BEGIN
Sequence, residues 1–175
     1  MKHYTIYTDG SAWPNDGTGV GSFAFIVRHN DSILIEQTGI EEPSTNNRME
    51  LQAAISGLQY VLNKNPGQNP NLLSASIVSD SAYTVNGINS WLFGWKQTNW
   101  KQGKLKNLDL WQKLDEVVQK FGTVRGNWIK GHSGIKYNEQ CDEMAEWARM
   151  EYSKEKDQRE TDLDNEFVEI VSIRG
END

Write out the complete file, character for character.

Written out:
Sequence, residues 1–175
     1  MKHYTIYTDG SAWPNDGTGV GSFAFIVRHN DSILIEQTGI EEPSTNNRME
    51  LQAAISGLQY VLNKNPGQNP NLLSASIVSD SAYTVNGINS WLFGWKQTNW
   101  KQGKLKNLDL WQKLDEVVQK FGTVRGNWIK GHSGIKYNEQ CDEMAEWARM
   151  EYSKEKDQRE TDLDNEFVEI VSIRG